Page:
My column's main course is to be pet care, I often try to serve a side dish of shelter stories. I know I tend to leap on my soapbox often but when you witness animal neglect and abuse as often as I do, the resulting frustration and anger often influence my writing. Yet, as I begin this column it is with an uncommon excitement to share a story that is compelled by utter joy!
This is the story of a dog named Elvy. From the start there was something special about Elvy but in this case, special meant different. You know, "riding the short bus" different?
First, there was the spontaneous jumping into midair. Like she was trying to catch invisible flies that would cause her to leap so erratically she'd flip over backward or knock things over.
Next was a lack of eye contact that made you wonder if she could see clearly. Was this why she jumped at nothing? Her lack of responsiveness to being called and the way in which she slept through all the noise and chaos in the shelter then caused concern over her hearing. Elvy slept like the dead.
As if that wasn't enough, walking Elvy was like walking an alligator. Lunging forward one second and rolling and flipping on the ground the next.
A vet exam confirmed all was fine with her sight and hearing but also confirmed our suspicions that her brain might not be firing on all cylinders. Yet, Elvy was gentle, tolerant and sweet otherwise. She responded well to other dogs and made fast friends with some shelter pals. Actually her social relationships with other dogs seemed normal and this gave us a little hope for her. Elvy improved on the leash with patience. Mine.. not her's. And her strange jumping calmed and became a little more predictable too. She still maintained an aloofness, almost like doggie autism, if there is such a thing but generally we felt she was a happy and healthy girl.
When she was finally adopted by a woman who seemed to understand her special-ness, we were thrilled! But when she was returned a few weeks later, even I gave up hope for Elvy ever finding a home. Finding good homes for "perfect" dogs is hard enough. Finding a good home for a dog like Elvy is virtually impossible.
Thursday evenings we have a great group of volunteers who walk dogs. The Sheppards are part of that group. Mom Carla, and her two sons, Jordan and Zac, and Zac's girlfriend. Brittany. have become steady members of this Thursday night brigade and it's not at all strange for the boys to come alone. Rain or shine! I find this pretty neat since these are smart, good looking, athletic kids who choose dog walking when they could be doing a million "cool" things on Thursday nights.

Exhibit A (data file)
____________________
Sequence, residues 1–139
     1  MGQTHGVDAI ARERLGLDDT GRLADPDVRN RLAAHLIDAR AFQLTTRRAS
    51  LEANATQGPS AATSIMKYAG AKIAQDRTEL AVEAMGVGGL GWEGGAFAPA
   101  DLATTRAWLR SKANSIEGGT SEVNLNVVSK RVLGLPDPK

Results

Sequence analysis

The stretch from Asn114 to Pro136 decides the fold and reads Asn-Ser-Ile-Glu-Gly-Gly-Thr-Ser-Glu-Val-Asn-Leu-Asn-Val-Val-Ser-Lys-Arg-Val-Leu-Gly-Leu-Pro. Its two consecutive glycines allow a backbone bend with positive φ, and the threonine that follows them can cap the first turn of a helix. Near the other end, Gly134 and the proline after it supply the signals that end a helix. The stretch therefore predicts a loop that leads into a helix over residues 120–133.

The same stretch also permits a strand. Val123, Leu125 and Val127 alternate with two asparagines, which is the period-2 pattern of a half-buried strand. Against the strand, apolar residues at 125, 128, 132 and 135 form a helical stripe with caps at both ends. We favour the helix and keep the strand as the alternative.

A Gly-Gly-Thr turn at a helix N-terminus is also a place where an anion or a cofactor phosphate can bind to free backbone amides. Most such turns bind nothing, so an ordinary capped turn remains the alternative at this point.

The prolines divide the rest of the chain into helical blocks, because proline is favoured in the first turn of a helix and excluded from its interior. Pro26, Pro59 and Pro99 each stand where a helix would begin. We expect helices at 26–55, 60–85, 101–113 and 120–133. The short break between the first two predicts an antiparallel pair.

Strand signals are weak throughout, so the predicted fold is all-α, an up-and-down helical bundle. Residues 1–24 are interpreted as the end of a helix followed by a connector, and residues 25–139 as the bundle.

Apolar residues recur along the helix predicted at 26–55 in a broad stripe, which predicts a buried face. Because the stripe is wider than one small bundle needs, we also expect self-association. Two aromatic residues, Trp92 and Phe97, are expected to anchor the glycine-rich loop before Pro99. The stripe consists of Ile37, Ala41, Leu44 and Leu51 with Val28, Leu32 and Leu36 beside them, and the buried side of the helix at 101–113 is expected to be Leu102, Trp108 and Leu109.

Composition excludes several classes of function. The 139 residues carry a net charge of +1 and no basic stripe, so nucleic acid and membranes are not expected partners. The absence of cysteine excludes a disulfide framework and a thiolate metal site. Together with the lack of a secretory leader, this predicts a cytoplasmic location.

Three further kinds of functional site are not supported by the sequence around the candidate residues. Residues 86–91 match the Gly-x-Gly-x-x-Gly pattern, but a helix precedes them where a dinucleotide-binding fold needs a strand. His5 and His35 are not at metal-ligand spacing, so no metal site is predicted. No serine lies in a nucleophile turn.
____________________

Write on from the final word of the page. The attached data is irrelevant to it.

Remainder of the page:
At some point it became routine for Zac to spend much of the evening with Elvy. Often lying on the pavement with Elvy for long periods connecting with her in ways most people had not.
Weeks later when Zac's mom, Carla asked if they might foster Elvy, I thought she must be having a moment of weakness or Zac had worn her down. But she made it very clear, they would just be fostering Elvy until that special home could be found. Weeks passed, we heard Elvy stories, watched videos of Elvy's exploits leaping crazily around the backyard and even heard tell that dad, Greg. had succumbed and taken to napping with Elvy. Elvy is great napper apparently. Out cold for hours. But Elvy was still just a foster.
So when I received the text message one Sunday morning from Carla, I wondered what Elvy had done this time. The message simply said "Zac's birthday gift" and the attached picture of Zac holding Elvy in one hand and her adoption papers in his other said it all.
I don't know what amazes me more. That there are parents raising kids to have such a sense of compassion. That there are kids like Jordan, Zac and Brittany who give up every Thursday night to walk dogs in the simmering heat or the pouring rain. Or that there are 17 year olds that would put a dog like Elvy at the top of their birthday wish list. I guess it doesn't matter. Whatever the case, it gives me hope for the world and particularly for a special dog named Elvy.
Carrie Roe is president of the Humane Society of Parkersburg